With the Pennsylvania Office of the Attorney General in the spotlight this year as a result of the Jerry Sandusky sex abuse case, sexual abuse is one of the big issues facing both candidates in this year’s race for Attorney General.
Both Democratic candidate Kathleen Kane, former Lackawanna County district attorney, and Republican candidate David Freed, current Cumberland County district attorney, said sexual abuse — especially child sex abuse — will be addressed in a proactive way.
Kane, who served in a child abuse/sexual assault unit as assistant district attorney for Lackawanna County, said she wants to make the Attorney General’s office less reactionary in pursuing child sex abuse cases and take a more proactive approach.
Kane said she has four basic steps to help stop child sex abuse, including eliminating the statute of limitations for reporting sex abuse in Pennsylvania.
People currently have until the age of 50 to bring criminal charges, Freed said.
“You kill a child inside when you abuse them,” Kane said. “There isn’t a statute of limitations on murder. Why should there be for reporting sexual abuse?”
Besides eliminating the statute of limitations, Kane said she wants to eliminate gaps in coverage of sex abuse claims by letting people know they should report to both police and the Child Line and Abuse Registry.
Kane also said she wants to open the records of child sex abuse by enabling the databases between the police and the Pennsylvania Department of Public Welfare to be shared.
Kane said she also wants to force all state university employees to undergo training so that they know how to identify the effects of child sex abuse and how to report it.
Freed said the Attorney General’s office has the opportunity to do more child sex abuse outreach and education, as they have more resources than the District Attorney’s Offices of Pennsylvania have.
Not only children, but also police and prosecutors need to have training on how to identify and stop child sex abuse, Freed said. Freed also said he wants to put focus on cyber safety in relation to sex abuse, and he wants children to know how to be safe online.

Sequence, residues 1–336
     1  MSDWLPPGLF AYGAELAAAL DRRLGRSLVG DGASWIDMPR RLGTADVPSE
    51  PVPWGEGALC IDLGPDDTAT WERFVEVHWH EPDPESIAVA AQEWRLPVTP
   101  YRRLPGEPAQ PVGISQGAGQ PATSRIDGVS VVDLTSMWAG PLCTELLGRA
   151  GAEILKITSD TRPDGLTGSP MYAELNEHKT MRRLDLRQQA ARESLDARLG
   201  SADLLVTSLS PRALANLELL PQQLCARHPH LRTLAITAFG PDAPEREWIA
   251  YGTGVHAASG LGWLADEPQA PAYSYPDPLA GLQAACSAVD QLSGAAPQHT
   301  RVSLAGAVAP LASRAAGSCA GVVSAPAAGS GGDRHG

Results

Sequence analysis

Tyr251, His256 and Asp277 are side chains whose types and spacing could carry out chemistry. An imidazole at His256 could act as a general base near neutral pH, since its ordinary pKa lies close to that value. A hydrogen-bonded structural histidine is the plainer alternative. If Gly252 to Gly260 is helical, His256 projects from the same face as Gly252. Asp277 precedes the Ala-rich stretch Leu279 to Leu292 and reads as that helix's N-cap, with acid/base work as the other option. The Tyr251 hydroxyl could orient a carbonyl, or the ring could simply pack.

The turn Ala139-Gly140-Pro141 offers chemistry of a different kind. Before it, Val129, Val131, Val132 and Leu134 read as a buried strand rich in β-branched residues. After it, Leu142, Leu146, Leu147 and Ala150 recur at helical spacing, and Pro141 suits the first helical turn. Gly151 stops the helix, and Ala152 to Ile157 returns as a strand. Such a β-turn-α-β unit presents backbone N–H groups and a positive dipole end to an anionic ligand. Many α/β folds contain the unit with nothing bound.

Freed is also in favor of lifting the current statute of limitations for sex abuse in Pennsylvania, saying it often takes a long time for crimes like sexual assaults to go to trial.
The ability for a person who was abused to come forward and report their abuse is an important step to recovery, and it takes time, he said.
Freed also said if the statute of limitations is lifted, he would expect to see some cases come forward where people were barred from filing criminal charges from before because of the statute of limitations.
Kane said she also wants to do a full-scale investigation into why it took three years for Sandusky to be charged.
“I’ve prosecuted a lot of cases, and never has a case like this taken three years,” Kane said. “The grand jury investigation took too long. The Attorney General’s first duty is to get a pedophile off the street.”
Sandusky was convicted in June on 45 counts of sexually abusing boys he met through his charity, The Second Mile. He was sentenced earlier this month to serve 30 to 60 years in prison.
Freed said a grand jury investigation leads to a successful prosecution, and he doesn’t plan at this point to launch a full-scale probe of the Sandusky investigation. Freed said he plans to do a review of the Sandusky investigation documents if elected.